Adaptation/Acceptance. Once you have accepted that you will be homesick and depressed at times (and more importantly have forgiven yourself for feeling that way) you move into this phase. This is the phase where you have embraced your current situation and begin to reach out of your bubble and make the most of your time abroad. You will find yourself being affected less by the many cultural differences around you and even beginning to like some of them. What’s more, you may even find yourself beginning to adapt to the culture and act and think like the people around you. This is a great phase, because it’s the phase where you will get the most out of your experience—the phase where you change out of the “vacation” mindset and into the “living abroad” mindset, where you are investing your time abroad with the perspective of a member of the culture rather than just a visitor.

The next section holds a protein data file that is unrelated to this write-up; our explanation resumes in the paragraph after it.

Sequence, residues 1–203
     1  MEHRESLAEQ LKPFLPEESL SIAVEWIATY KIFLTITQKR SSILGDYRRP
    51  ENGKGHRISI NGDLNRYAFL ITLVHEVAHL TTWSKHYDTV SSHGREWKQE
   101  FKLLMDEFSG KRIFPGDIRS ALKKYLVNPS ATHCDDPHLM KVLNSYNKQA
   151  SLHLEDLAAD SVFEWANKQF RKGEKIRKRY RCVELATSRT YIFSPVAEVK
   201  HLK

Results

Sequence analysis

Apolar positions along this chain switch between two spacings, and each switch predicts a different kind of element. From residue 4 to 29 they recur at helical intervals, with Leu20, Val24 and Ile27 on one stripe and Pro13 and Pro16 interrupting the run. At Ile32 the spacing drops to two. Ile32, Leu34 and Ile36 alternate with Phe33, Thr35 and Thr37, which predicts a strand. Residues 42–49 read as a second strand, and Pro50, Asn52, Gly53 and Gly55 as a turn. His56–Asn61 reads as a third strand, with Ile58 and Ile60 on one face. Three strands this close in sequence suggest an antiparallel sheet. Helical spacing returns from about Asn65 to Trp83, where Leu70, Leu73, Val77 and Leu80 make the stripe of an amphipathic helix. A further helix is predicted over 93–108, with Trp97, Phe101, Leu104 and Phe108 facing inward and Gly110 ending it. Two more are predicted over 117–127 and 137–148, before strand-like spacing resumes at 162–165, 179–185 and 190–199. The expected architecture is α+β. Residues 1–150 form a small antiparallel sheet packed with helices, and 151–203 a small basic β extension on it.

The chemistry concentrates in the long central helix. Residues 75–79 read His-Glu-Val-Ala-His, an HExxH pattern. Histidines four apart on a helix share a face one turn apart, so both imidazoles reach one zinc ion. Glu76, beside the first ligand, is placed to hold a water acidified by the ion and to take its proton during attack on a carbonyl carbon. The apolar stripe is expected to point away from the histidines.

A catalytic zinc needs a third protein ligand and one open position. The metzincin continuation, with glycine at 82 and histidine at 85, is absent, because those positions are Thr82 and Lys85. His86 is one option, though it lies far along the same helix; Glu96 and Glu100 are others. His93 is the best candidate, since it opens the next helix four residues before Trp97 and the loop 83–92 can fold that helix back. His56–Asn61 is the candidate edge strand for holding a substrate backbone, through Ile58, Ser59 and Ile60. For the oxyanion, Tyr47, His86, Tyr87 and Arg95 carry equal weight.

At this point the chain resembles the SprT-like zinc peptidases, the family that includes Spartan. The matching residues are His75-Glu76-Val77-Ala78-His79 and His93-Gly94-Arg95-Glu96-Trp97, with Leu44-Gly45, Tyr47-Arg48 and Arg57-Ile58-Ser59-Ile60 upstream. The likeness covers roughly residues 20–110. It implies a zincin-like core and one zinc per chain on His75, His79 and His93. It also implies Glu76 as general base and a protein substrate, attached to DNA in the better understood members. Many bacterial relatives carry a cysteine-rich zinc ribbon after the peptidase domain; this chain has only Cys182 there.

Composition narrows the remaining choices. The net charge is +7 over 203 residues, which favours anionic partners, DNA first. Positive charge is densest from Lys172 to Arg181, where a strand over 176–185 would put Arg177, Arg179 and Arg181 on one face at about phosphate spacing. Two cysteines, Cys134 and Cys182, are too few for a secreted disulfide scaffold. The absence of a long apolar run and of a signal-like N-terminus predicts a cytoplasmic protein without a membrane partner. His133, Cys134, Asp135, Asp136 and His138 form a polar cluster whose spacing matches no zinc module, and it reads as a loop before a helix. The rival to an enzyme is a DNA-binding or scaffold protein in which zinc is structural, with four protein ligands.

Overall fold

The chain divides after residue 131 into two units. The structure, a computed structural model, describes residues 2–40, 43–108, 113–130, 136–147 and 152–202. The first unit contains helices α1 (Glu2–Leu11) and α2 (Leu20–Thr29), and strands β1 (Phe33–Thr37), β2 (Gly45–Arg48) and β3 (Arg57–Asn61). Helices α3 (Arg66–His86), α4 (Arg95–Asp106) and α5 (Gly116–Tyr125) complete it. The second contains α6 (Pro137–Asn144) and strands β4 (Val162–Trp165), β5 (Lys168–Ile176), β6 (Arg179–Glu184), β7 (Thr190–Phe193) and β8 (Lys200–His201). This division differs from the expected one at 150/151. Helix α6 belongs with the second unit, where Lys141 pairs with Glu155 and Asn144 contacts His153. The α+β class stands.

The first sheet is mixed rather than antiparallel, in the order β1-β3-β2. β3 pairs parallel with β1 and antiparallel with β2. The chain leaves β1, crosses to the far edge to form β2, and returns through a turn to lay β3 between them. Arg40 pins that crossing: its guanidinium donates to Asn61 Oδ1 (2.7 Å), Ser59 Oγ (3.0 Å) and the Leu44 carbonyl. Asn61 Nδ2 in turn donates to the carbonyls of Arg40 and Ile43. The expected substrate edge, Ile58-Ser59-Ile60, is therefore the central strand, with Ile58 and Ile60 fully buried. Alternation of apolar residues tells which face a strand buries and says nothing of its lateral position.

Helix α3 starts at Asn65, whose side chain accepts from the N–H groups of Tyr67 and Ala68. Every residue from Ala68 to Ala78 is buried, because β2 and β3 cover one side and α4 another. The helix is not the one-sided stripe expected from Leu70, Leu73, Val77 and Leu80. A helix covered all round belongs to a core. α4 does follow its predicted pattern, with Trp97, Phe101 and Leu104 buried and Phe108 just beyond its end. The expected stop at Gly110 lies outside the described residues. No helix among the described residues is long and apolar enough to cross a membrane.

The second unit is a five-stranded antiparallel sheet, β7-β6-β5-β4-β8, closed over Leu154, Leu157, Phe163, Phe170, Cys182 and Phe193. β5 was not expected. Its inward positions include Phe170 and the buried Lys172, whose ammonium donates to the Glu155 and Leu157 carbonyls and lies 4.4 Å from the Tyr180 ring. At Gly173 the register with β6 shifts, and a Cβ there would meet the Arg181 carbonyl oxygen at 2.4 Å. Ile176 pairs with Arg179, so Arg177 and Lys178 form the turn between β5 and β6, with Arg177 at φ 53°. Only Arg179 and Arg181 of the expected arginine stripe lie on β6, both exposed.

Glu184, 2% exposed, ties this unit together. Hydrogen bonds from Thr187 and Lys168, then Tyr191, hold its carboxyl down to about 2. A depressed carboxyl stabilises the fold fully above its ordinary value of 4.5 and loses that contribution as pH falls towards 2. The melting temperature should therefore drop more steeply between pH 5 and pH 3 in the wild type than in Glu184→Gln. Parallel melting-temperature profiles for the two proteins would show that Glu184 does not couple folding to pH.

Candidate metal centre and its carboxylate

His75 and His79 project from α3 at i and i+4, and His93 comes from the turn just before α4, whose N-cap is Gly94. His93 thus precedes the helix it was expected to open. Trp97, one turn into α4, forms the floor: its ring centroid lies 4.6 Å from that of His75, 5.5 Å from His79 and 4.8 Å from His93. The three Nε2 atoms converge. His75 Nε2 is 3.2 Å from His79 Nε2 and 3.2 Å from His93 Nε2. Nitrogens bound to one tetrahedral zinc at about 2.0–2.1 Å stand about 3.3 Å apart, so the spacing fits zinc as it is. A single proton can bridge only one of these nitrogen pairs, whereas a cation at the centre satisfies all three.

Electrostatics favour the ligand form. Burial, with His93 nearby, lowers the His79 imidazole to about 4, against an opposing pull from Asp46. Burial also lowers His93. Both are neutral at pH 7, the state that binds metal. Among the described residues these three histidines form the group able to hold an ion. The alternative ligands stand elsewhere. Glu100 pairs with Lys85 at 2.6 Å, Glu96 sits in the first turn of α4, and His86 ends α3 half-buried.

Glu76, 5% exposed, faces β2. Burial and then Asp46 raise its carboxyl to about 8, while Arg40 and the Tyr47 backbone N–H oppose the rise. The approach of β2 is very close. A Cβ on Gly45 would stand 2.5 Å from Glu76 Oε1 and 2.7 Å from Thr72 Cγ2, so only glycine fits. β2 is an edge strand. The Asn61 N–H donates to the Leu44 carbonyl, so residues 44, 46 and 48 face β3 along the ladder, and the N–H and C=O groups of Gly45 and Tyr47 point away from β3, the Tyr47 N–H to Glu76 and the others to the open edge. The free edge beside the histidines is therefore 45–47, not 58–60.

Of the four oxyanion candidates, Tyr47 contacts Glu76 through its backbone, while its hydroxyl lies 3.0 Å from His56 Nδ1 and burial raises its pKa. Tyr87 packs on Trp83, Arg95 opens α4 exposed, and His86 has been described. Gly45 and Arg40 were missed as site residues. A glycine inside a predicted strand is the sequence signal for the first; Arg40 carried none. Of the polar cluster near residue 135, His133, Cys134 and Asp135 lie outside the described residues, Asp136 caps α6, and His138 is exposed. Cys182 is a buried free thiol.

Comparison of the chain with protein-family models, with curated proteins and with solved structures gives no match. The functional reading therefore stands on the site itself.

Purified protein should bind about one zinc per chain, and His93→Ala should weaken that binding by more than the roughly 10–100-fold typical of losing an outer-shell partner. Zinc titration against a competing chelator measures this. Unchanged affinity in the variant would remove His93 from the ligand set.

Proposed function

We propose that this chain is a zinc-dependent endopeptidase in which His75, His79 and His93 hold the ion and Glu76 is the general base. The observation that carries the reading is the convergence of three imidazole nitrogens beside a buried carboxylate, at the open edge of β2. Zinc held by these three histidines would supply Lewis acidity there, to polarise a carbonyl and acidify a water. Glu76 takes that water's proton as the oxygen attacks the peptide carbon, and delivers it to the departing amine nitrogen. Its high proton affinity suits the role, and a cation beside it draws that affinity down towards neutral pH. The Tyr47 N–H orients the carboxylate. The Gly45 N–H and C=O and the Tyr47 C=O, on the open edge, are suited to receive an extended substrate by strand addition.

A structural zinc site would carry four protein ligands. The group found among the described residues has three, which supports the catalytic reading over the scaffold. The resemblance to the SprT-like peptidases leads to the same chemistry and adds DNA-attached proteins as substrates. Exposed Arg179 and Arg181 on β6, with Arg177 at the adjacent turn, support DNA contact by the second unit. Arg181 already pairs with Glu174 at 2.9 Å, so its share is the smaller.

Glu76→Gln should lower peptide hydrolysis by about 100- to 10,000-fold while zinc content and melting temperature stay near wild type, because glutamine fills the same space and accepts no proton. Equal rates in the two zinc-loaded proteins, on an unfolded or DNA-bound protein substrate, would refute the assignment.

Reverse Culture Shock. This is an effect that can occur when you begin to feel as if you are adopting your new culture too much and losing your native identity. You may experience feelings of guilt that you are betraying your home country, or of panic that you are losing your sense of identity and changing too much. This is also perfectly normal, and it is important that you know that change is healthy. You are not betraying your culture by beginning to learn and adopt a new one—actually, in many ways, it may give you a new perspective on your original culture and may lead to a deeper appreciation of it. Also remember that no matter where you are living and what culture you are adopting, you’re still you—and you are defined by so much more than where you are living. You are simply growing and maturing and learning to adapt to the environment around you, which is a GOOD thing, not a betrayal or loss of your former identity. In fact, you are only enhancing yourself by broadening your perspective and experience in the world.